A few weeks ago, I learned of Jerry Lembcke's new book, Dissenting POWs. Confident that Heath Lee would be interested in a new look at the history of the Vietnam POWs, and especially the revelatory disclosure that a number of them were insisting that they had not been tortured, I emailed her. To be honest, I hoped she would order the book to learn more about the subject that had brought her so much recognition. That would contribute one more sale to Jerry Lembcke, who I also consider a friend. I immediately ordered the book! And, the very next day, Heath Lee answered my email with a suggestion that Lembcke's book was the work of an unpatriotic communist! I have suggested that we get together for another lunch, hoping it might give me an opportunity to defend one friend against the misperceptions of another. Sadly, the "fourth wave" of the dreaded COVID Coronavirus pandemic has caused us to postpone that lunch for a while.
Jerry Lembcke is the author of The Spitting Image, a landmark book exposing the probability that all those stories about returning Vietnam vets being spit on or called "baby killer" upon their arrival at home airports were completely suspect, improbable, and undocumented. He had also done a book titled Hanoi Jane about Jane Fonda, decrying the "fantasies of betrayal" that have followed Jane Fonda among many Vietnam vets for the past fifty years. His book PTSD tells the story of the American society's and government's reluctance to deal with the unanticipated mental anguish that resulted from sending us off to a tragically mismanaged and unnecessary war on the other side of the planet. Altogether, Jerry Lembcke has authored eight books, all dealing with some aspect of the Vietnam War, and each helping to define the truth of what really happened.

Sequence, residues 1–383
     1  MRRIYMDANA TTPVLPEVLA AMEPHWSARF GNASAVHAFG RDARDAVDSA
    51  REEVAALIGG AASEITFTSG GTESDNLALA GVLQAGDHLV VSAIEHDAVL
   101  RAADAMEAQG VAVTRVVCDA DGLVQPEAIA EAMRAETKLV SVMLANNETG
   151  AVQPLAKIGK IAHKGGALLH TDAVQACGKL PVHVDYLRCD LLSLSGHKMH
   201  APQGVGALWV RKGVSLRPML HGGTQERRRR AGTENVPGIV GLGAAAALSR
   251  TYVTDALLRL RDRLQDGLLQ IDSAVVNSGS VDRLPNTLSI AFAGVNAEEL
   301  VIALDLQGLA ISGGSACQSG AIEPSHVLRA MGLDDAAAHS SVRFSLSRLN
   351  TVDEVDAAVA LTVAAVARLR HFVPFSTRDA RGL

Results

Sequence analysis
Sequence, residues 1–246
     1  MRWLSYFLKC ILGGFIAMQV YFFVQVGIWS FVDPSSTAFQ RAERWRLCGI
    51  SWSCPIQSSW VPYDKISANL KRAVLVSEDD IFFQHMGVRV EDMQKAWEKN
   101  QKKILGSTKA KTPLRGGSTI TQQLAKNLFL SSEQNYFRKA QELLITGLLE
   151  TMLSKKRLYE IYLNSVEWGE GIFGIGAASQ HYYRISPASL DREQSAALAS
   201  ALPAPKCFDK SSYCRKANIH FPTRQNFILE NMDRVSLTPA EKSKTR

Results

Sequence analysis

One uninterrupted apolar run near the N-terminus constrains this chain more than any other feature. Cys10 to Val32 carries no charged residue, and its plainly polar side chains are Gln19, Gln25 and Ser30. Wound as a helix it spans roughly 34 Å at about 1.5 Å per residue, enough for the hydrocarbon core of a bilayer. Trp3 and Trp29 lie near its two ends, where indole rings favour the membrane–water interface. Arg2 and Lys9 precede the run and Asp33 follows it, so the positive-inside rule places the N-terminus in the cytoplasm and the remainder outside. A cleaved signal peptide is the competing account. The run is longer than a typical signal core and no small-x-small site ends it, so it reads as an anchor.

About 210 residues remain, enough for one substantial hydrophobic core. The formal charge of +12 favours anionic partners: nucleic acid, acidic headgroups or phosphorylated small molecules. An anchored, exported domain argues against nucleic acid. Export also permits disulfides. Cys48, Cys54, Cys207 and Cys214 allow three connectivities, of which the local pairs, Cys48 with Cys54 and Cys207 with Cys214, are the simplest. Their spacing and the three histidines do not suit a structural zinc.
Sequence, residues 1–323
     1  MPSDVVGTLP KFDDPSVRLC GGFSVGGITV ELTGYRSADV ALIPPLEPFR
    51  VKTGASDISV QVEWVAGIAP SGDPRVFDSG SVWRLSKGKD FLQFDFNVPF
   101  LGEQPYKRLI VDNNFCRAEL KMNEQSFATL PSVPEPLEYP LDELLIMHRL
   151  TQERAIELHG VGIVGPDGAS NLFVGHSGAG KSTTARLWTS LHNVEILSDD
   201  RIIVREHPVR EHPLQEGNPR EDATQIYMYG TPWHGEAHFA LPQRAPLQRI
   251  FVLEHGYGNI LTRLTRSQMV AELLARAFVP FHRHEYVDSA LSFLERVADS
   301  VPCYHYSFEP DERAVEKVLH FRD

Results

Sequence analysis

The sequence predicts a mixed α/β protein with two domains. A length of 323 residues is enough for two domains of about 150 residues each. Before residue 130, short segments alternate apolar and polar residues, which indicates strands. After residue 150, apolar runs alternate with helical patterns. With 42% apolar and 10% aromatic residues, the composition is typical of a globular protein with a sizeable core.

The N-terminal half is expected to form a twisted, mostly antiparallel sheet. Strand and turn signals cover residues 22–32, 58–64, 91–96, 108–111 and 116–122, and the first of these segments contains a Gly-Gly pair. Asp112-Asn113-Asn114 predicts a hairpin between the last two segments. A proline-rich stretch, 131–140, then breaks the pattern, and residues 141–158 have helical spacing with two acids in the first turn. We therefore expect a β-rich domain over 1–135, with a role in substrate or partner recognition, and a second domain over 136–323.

Dissenting POWs is a terrific book! It reveals that the highest-ranking POWs, especially Air Wing Commander Stockdale, Navy Commander Denton, and Air Force Lieutenant Colonel Risner decided that their Vietnamese guards' compassionate treatment while attempting to educate them on the history of the Vietnamese independence movement was actually an attempt at mind control. The prisoners agreed to resist, and the officers to enforce a standard of absolute non-compliance with the enemy. They would not be viewed as "brainwashed" by their communist captors. However, they did make concessions to their captors, and they conspired to say they had been tortured into talking. The book rather diplomatically wonders if they were simply managing a story they thought would benefit the entire POW population once they were released, or if it was a function of their officers' authoritative personalities. They insisted upon a chain of command by rank within the prison and insisted that all lower-ranking personnel comply with their ruse. In fact, they expected the lower-ranking to resist to the extent that they would, in fact, invite tortures by their captors! When a number of enlisted men from South Vietnam were transported north and imprisoned in and near the Hanoi Hilton, they dared to express strong anti-war attitudes in direct opposition to the officers' plan. Sound familiar? Stockdale assured them that he would, once they were freed, have them court-martialed for treason and refusal to obey orders. He did carry out his threat, but the matter was quickly tossed out of court. The most divisive war since the Civil War was over, and no one wanted to revisit the acrimony. The tales of torture and patriotic resistance became the accepted history, and the POWs attempted to return to "normal" American life.